First, having a clearly defined positioning strategy is necessary in order to align the brand with appropriate sales promotion strategies. Brands positioned as premium or luxury should consider not using or rarely using monetary sales promotions as doing so poses the potential risk of devaluing the brand (Yang et al., 2016). Recognizing this, some premium brands such as Apple and Bose implement minimum advertised pricing policies to, in part, protect their brand value (Israeli & Zelek, 2020). Others rarely if ever offer coupons or discounts, but rather provide a free gift with purchase. As a result, these brands are increasing their perceived value by providing additional value (free gift) as opposed to making the deal more attractive by reducing the overall price of the product (Yang et al., 2016). These brands understand that using monetary sales promotions has the potential to alter consumers’ reference price which can lead to a devaluing of the brand and hurt long-term brand associations (Buil et al., 2013), especially when used on a regular basis. This change in reference price can result in consumers viewing the “regular” price of the product as too high or equating the lower price to lower quality thus reducing the overall perceived value of the product and the consumer’s attitude towards the brand. On the other hand, non-monetary sales promotion not only do not damage a brand image, they may actually strengthen brand equity (Montaner et al., 2011). That being said, monetary sales promotions are often well received for brands positioned as non-premium, entry-level, and/or affordable. Coupons, discounts, and other monetary sales promotion provide utilitarian benefits to consumers (saving money) and result in increased sales. Additionally, the lower price encourages trial, providing opportunity to explore new products (Chandon et al., 1999) by lessening consumer risk.

Understanding the customer goes hand-in-hand with a well-defined positioning strategy in determining the best overall approach to an organization’s sales promotion strategy. Price sensitive consumers will buy the lowest price-point product that meets their needs. They may be won over with big discounts or coupons, but it will likely only be temporary. As soon as the deal is over or a competitor brand offers a bigger deal, the price-sensitive consumer will defect to the competitor brand (Yoo et al., 2000). Value-conscious consumers may be enticed by both monetary and non-monetary offers as they are looking for a balance of price and quality. However, non-monetary offers such as bonus packs (additional product at no additional costs), free gifts, or bundling, provide additional value to the purchase without lowering price. Lastly, monetary offers tend not to appeal to prestige sensitive customers as prominence of the brand is the priority and price is of little to no importance. The reduction in price as a result of these offers may adversely alter this customer’s perception of the premium quality of the product, potentially leading the brand to a lower ranking in the customer’s consideration set or being removed all together.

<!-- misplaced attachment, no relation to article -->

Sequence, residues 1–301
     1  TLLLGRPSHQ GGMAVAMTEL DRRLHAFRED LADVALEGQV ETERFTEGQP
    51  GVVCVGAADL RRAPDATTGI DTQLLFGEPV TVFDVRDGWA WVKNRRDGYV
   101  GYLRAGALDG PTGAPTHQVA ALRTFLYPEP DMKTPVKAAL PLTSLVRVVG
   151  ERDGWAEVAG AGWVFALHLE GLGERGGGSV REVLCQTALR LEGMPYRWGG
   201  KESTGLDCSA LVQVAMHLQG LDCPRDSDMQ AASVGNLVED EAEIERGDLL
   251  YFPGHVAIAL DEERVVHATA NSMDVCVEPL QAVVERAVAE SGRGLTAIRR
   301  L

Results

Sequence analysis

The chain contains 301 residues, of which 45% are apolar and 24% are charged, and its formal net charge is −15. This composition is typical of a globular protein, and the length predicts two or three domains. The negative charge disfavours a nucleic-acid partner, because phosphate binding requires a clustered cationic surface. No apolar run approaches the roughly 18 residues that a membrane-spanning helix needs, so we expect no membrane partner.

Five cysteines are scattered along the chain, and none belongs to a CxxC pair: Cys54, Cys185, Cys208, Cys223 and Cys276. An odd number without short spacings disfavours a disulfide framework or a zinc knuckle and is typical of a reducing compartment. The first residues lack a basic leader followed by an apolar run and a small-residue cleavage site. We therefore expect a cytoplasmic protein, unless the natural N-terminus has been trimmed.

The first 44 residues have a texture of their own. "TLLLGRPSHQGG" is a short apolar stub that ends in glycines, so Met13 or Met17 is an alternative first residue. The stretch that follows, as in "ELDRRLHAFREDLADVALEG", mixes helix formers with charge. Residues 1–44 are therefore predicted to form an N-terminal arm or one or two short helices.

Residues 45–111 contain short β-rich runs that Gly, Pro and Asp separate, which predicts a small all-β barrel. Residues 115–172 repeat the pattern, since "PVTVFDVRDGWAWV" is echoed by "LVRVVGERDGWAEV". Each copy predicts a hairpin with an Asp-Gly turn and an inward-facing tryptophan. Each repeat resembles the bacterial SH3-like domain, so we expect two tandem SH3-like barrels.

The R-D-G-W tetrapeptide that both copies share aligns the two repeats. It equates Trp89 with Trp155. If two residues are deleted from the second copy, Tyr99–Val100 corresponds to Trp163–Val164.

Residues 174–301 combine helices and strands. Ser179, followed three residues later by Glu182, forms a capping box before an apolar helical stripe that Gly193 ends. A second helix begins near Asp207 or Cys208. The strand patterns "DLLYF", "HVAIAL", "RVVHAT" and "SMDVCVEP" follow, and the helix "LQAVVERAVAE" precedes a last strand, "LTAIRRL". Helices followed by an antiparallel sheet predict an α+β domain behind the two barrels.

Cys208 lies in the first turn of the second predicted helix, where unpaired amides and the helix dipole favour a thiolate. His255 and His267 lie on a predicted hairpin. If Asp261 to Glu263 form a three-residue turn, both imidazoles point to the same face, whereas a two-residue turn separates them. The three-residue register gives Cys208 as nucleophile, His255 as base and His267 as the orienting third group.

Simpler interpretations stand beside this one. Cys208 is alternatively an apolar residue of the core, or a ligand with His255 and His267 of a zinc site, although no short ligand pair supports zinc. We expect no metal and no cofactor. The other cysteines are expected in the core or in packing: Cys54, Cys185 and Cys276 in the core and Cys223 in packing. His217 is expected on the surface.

Figure 3
Figure 3.Sales Promotion Strategy Considerations

The purpose or goal of the sales promotion is the next consideration. Common sales promotions goals include stimulating trial, increasing brand awareness, increasing sales, encouraging repurchase, enhancing brand image, identify prospective customers, and countering competitors’ promotional efforts. As discussed previously, sales promotions can take multiple forms. The particular form of sales promotions that will be most effective depends heavily on the purpose or the goal of the promotion. A sales promotion designed around the goal of stimulating trial will look different from one with the goal of encouraging repurchase or enhancing brand image. For instance, if the goal is to stimulate trial of a new non-premium branded product, coupons, discounts, and samples should be considered. However, for a goal of repatronage, a loyalty/reward program or coupon for future purchase would be appropriate. A franchise building contest or sweepstakes is a viable option for stimulating brand interest, building brand awareness, and enhancing brand image.

Forethought should be given to how often the brand intends to use sales promotion as part of its overall promotion strategy. Will they be a regular, integral part of promotion efforts or will they be used on a more infrequent basis? Frequency of monetary sales promotion usage may influence consumer perception of deal value and brand attitude in multiple ways. First, frequent usage may negatively influence consumers’ evaluation of plausibility or believability of the offer, especially when combined with tensile claims. Additionally, frequent usage teaches consumers to wait for a deal and not pay full price as it has been found to increase price sensitivity (Bemmaor & Mouchoux, 1991). Further, frequent promotion of price, increases the importance of price over other brand attributes (Kalra & Goodstein, 1998). As discussed above, consumers may conclude that the reduced price of a product due to frequent monetary promotions is the true price, thus becoming the consumer’s new reference price. As consumers often use price to infer quality, they may equate this lower reference price with a reduction in brand quality (Yoo et al., 2000). Therefore, frequent monetary sales promotion run a greater risk of devaluing a brand than similar frequency of non-monetary sales promotion.

Selection of the sales promotion type should be informed by the brand position, target market’s sensitivity to price, sales promotion goal(s), and intended frequency. Common monetary consumer sales promotions include coupons, discounts, cents off, rebates, and refunds. Popular nonmonetary consumer sales promotions include contests, sweepstakes, loyalty/reward programs, samples, free trials, premiums (free gifts), and bonus packs.